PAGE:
Life Span: Perennial
erect, highly branched shrub with a rounded crown, growing 1 to
16 feet tall. Trunk is short. Flowers August to September and reproduces
inconspicuous flowers, in dense clusters, forming in the fall.
A resinous, brownish, flattened, pubescent seed.
simple, somewhat spatula-shaped, and gray-green in color. Tip of
the leaf is 3-lobed most of the time, but can be entire. The leaf
tapers at the base. The surface is covered with a silver-appearing
hair. Two crops of leaves are produced each year, one in the spring
and one in the fall. As the fall leaves come on, the spring leaves
are dropped and vice-versa.
are round and rigid. Current years growth is pubescent, giving it
a silvery-white appearance. The newer stems are green, and older
stems are brown. Bark is gray-brown, shredding into long, flat strips.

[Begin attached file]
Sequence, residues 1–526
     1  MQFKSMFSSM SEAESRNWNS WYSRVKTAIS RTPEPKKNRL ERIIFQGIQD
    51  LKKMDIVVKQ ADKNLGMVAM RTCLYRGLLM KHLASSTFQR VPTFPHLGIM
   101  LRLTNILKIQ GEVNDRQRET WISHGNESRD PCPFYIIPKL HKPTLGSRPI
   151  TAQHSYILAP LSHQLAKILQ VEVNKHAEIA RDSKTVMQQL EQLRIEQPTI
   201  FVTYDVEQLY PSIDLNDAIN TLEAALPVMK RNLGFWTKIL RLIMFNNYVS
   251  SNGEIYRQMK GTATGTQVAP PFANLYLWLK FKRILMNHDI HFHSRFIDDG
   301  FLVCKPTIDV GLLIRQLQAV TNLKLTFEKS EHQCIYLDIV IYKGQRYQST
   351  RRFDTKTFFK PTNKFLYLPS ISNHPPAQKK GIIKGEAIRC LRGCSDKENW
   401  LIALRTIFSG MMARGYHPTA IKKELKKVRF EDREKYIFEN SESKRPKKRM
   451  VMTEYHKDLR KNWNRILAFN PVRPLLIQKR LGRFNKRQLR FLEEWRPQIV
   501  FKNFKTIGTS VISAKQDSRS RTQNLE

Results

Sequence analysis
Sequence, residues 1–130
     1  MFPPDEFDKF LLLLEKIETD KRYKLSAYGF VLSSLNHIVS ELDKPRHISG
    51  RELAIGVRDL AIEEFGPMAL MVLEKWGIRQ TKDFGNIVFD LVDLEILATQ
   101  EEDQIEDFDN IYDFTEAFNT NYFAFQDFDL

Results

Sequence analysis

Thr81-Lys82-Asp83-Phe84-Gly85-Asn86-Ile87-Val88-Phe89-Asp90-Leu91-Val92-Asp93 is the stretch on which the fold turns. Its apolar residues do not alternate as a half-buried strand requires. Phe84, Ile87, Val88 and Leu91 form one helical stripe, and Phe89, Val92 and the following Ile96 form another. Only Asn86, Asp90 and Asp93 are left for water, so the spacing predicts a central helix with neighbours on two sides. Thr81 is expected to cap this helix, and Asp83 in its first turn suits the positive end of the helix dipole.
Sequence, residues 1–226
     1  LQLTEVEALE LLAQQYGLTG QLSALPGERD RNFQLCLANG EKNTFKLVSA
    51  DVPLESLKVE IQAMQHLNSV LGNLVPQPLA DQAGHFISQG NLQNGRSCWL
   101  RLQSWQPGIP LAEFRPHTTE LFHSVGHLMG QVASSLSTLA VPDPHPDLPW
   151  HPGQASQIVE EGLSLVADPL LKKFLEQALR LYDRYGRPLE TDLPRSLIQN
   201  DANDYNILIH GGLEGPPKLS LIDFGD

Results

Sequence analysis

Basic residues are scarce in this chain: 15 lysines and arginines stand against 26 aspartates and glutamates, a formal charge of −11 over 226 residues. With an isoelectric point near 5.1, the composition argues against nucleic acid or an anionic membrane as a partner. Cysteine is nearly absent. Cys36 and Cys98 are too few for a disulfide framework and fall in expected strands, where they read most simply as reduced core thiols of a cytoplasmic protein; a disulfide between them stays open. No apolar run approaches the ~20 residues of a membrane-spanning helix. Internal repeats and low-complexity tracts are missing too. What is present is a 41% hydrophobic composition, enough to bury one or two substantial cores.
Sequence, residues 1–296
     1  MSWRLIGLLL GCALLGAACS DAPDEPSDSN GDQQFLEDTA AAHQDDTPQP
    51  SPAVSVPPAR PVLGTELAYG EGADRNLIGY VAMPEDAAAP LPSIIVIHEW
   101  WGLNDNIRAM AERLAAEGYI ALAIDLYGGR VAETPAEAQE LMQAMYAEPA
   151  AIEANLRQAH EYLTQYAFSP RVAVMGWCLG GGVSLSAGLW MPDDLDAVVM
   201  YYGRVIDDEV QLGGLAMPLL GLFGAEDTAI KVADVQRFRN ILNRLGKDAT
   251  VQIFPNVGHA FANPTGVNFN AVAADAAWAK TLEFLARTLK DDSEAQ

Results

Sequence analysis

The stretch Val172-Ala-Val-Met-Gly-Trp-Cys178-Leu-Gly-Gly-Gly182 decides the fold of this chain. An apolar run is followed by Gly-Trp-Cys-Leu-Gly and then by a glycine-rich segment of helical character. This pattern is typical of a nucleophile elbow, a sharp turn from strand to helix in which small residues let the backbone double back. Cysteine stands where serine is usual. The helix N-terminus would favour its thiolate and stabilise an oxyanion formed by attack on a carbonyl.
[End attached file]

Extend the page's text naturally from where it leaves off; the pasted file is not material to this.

in valleys, basins, and mountain slopes, at elevations between 2,500
and 10,000 feet.
abundant in dry, well-drained, gravelly or rocky soils.
wheatgrass, rubber rabbitbrush,
wheatgrass, and blue grama.
Sagebrush is good forage for sheep and wildlife on winter ranges.
It is poor forage for cattle. It is high in protein, but also high
in volatile oils, which may cause rumen stasis. It is a food source
and provides cover for many types of wildlife. It is essential to
sage grouse, which prefer the short forms, for feed and cover.
Some American Indians used decoctions made with big sagebrush as
a laxative. It is used locally as a tea substitute, general tonic,
for hair and eye wash, in treating colds and diarrhea, and as an
antiseptic for wounds.